13. 78 FR 5198 - Notice of Inventory Completion: University of Washington, Department of Anthropology, Seattle, WA

    Federal Register 2010, 2011, 2012, 2013, 2014

    2013-01-24

    ..., Washington); Nooksack Indian Tribe; Port Gamble Band of S'Klallam Indians (previously listed as the Port Gamble Indian Community of the Port Gamble Reservation, Washington); Puyallup Tribe of the...

  14. 78 FR 19298 - Notice of Inventory Completion: University of Washington, Department of Anthropology, Seattle, WA

    Federal Register 2010, 2011, 2012, 2013, 2014

    2013-03-29

    ..., Washington); Nooksack Indian Tribe; Port Gamble Band of S'Klallam Indians (previously listed as the Port Gamble Indian Community of the Port Gamble Reservation, Washington); Puyallup Tribe of the...

  15. Comparison of Offshore Turbidite records and Lake Disturbance Events at the Latitude of Seattle, Washington

    NASA Astrophysics Data System (ADS)

    Galer, S.; Goldfinger, C.; Morey, A. E.; Black, B.; Romsos, C.; Beeson, J. W.; Erhardt, M.

    2014-12-01

    We are investigating the paleoseismic history of northern Washington using offshore turbidite cores and lake sediments collected from forearc lakes along a transect from offshore to Seattle, Washington. Additional offshore cores, ash determinations and heavy mineral analysis flesh out the turbidite stratigraphy off northern Washington, and support 3-5 proximal turbidites in northern Washington canyons (see Adams, 1990) in addition to the 19 regionally correlated beds. Onshore, we have cored multiple lakes including (west to east) Beaver, Leland, Tarboo, Hall, Sawyer, and Wapato, east of the Cascades, and collected multibeam bathymetry, backscatter and chirp subbottom data. These lakes are small (2-113 ha), 6-18 m deep, and are all kettle lakes except Beaver Lake (landslide-dammed) and Wapato Lake, a glacial scour. These lakes were selected for their limited outside sediment sources and low sensitivity to ground shaking. The sedimentology is mostly organic-rich gyttja. All lakes contain the Mazama ash based on its similar depth occurrence in previously published cores and new EMP analysis. Computed Tomography (CT) density, gamma density, and magnetic susceptibility (ms) data show there is more stratigraphic variability than is visually apparent. Low-energy disturbance events are apparent in the stratigraphy of all lakes (except Hall) as increases in clastics, density, and ms. The number of post Mazama disturbance events is similar to the number of expected great earthquakes found offshore and onshore, though definition of the boundaries of the lake events is much less clear. Initial radiocarbon results and preliminary correlations along this 185 km transect show strong similarities in stratigraphic records between these cores over the past ~7600 years, anchored by the Mazama tephra. Preliminary comparisons with offshore cores show a striking similarity in downcore variability in physical properties. Given the evidence for earthquake origin for the offshore cores

  16. Final Site Specific Decommissioning Inspection Report #2 for the University of Washington Research and Test Reactor, Seattle, Washington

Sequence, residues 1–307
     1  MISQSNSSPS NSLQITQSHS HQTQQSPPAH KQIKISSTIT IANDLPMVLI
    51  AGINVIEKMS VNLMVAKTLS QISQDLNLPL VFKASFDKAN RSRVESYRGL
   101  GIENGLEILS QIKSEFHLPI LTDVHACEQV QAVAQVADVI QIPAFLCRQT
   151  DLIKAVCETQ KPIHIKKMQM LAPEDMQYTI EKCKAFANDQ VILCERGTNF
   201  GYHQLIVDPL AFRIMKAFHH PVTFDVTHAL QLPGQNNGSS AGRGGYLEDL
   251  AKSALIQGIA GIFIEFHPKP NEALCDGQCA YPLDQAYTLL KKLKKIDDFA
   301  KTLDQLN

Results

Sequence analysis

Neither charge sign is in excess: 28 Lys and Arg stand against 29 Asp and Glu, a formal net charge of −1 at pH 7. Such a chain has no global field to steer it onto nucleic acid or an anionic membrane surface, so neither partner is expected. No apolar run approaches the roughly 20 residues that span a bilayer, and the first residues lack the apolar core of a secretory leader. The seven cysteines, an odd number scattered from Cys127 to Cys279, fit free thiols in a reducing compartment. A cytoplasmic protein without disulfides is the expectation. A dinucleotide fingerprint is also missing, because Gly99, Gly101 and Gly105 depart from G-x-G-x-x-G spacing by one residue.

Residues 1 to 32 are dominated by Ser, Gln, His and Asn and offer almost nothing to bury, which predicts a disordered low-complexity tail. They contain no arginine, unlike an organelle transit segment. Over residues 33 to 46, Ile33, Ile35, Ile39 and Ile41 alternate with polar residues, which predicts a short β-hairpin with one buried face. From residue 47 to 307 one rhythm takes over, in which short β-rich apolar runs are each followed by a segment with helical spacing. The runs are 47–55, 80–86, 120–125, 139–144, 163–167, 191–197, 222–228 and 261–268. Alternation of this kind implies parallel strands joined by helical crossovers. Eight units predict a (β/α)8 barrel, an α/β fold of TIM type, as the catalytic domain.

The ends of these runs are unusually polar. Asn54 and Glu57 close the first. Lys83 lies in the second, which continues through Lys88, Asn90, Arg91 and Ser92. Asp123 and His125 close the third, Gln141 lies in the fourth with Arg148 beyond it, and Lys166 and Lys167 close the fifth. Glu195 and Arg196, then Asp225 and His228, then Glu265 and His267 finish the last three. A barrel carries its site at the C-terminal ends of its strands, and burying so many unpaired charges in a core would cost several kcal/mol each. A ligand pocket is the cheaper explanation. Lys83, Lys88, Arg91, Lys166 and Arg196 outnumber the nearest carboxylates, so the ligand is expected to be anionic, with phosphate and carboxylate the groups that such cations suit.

SciTech Connect

    S.J. Roberts

    2007-03-20

    During the period of August through November 2006, ORISE performed a comprehensive IV at the University of Washington Research and Test Reactor Facility. The objective of the ORISE IV was to validate the licensee’s final status survey processes and data, and to assure the requirements of the DP and FSSP were met.

  17. High Resolution Displacement Monitoring for Urban Environments in Seattle, Washington using Terrestrial Radar Interferometry

    NASA Astrophysics Data System (ADS)

    Lowry, B. W.; Schrock, G.; Werner, C. L.; Zhou, W.; Pugh, N.

    2015-12-01

    Displacement monitoring using Terrestrial Radar Interferometry (TRI) over an urban environment was conducted to monitor for potential movement of buildings, roadways, and urban infrastructure in Seattle, Washington for a 6 week deployment in March and April of 2015. A Gamma Portable Radar Interferometer was deployed on a the lower roof of the Smith Tower at an elevation of about 100 m, overlooking the historical district of Pioneer Square. Radar monitoring in this context provides wide area coverage, sub millimeter precision, near real time alarming, and reflectorless measurement. Image georectification was established using a previously collected airborne lidar scan which was used to map the radar image onto a 3D 1st return elevation model of downtown Seattle. Platform stability concerns were monitored using high rate GPS and a 3-axis accelerometer to monitor for building movement or platform instability. Displacements were imaged at 2 minute intervals and stacked into 2 hour averages to aid in noise characterization. Changes in coherence are characterized based on diurnal fluctuations of temperature, cultural noise, and target continuity. These informed atmospheric and image selection filters for optimizing interferogram generation and displacement measurement quality control. An urban monitoring workflow was established using point target interferometric analysis to create a monitoring set of approximately 100,000 stable monitoring points measured at 2 minute to 3 hour intervals over the 6 week deployment. Radar displacement measurements were verified using ongoing survey and GPS monitoring program and with corner reflector tests to verify look angle corrections to settlement motion. Insights from this monitoring program can be used to design TRI monitoring programs for underground tunneling, urban subsidence, and earthquake damage assessment applications.